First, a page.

Traditionally used in stir-fry in Asian cuisine, I've yet to try it that way. Green Fortune is so delicious raw in salads, that's how I've been eating it, every day for over two weeks. And no, I haven't gotten tired of it. Besides eating it myself, I have also been using it as the vegetable in George's homemade dog food. He loves it too! He eats it mixed in with his food, and also enjoys it picked straight from the garden, as a treat unadorned. Since it's an early-spring vegetable that matures quickly, I planted a lot of it. After it's all harvested there will still be time to fill in the empty space in the garden with summer vegetables. As you can see in the photo above, I've already done this in one section of the garden, with tomato plants surrounding the remainder of a row of pak choi. Well-planned succession planting is one of the ways we manage to get an incredible amount and variety of vegetables even from our very small beds.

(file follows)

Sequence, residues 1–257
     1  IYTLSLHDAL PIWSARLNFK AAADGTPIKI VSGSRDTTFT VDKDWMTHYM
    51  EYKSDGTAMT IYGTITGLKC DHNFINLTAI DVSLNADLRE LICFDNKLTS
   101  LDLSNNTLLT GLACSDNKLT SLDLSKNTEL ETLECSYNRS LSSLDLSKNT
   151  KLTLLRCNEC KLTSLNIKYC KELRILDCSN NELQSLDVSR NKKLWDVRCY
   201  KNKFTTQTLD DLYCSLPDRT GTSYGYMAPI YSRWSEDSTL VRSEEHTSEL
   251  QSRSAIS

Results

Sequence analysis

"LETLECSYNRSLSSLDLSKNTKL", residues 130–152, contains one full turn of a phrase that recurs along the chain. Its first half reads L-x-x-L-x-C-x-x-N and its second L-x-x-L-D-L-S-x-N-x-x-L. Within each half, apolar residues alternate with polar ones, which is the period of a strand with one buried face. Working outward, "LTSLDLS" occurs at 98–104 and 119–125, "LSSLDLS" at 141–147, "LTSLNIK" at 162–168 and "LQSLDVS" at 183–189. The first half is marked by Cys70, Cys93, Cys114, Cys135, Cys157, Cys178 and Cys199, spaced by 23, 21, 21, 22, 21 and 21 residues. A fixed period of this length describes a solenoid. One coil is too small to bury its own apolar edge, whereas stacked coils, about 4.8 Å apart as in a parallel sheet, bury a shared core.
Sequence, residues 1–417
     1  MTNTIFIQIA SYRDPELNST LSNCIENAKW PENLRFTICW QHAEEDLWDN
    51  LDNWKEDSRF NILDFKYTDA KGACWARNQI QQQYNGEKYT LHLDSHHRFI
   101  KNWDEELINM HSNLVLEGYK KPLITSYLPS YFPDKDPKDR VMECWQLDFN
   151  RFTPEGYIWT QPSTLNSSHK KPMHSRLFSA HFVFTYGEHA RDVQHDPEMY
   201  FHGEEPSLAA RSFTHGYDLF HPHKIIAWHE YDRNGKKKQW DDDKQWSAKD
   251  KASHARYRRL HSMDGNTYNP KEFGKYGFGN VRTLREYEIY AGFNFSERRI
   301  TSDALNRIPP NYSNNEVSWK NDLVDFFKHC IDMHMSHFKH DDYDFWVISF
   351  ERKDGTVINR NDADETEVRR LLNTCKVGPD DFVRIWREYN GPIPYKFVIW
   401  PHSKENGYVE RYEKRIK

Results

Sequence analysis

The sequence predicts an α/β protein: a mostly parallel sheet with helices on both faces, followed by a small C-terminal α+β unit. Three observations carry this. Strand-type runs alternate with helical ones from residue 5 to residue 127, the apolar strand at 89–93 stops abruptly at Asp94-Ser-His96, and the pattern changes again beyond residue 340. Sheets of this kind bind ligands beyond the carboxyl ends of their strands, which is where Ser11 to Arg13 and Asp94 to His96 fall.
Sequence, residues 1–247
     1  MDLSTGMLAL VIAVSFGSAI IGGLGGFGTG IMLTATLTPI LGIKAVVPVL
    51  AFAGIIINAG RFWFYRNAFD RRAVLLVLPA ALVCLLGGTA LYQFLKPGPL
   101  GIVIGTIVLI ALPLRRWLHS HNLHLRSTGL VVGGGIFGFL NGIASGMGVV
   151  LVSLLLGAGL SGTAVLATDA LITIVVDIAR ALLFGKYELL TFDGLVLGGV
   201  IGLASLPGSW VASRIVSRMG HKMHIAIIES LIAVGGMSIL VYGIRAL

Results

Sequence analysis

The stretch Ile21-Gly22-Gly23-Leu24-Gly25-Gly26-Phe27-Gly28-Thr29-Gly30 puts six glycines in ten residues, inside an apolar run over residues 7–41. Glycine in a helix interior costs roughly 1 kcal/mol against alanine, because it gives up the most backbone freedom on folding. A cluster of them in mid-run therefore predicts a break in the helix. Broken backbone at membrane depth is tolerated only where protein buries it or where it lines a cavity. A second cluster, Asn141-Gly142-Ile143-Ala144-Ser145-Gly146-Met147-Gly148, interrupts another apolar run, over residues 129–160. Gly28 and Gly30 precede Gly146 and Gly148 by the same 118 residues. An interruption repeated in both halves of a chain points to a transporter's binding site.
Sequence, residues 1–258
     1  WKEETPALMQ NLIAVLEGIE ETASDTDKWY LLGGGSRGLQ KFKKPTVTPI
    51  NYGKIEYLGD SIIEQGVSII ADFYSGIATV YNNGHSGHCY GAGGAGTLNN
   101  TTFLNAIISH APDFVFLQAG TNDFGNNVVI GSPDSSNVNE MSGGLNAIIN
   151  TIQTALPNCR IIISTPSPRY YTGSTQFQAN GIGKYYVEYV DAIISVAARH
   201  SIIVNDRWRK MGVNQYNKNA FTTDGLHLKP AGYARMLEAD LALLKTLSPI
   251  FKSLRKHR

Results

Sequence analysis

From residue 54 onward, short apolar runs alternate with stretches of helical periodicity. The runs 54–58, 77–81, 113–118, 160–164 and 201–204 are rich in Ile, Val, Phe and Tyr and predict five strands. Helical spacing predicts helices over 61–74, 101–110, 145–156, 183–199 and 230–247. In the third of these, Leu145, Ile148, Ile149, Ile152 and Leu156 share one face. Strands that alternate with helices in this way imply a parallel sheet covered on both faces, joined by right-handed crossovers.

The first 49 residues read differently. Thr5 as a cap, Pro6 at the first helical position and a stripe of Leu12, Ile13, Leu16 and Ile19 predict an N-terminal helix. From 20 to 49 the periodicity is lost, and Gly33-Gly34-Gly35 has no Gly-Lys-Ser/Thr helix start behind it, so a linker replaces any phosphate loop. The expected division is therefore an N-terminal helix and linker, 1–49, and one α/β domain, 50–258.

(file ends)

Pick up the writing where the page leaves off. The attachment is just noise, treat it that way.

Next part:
Pak choi is very low in calories, yet is one of the most nutrient-dense foods available. A nutritional powerhouse, it's packed with vitamins A, C, K, carotene, lutein, B vitamins, respectable amounts of several minerals including calcium, iron, magnesium, manganese, and zinc, and 28 different polyphenols, including kaempferol, a phytonutrient shown to have strong anti-cancer properties.

Renee's Baby Pak Choi Green Fortune has been very easy to grow, not bothered at all by pests, and very productive. I'm so glad I picked it as part of the Media Kit. I will definitely grow this again!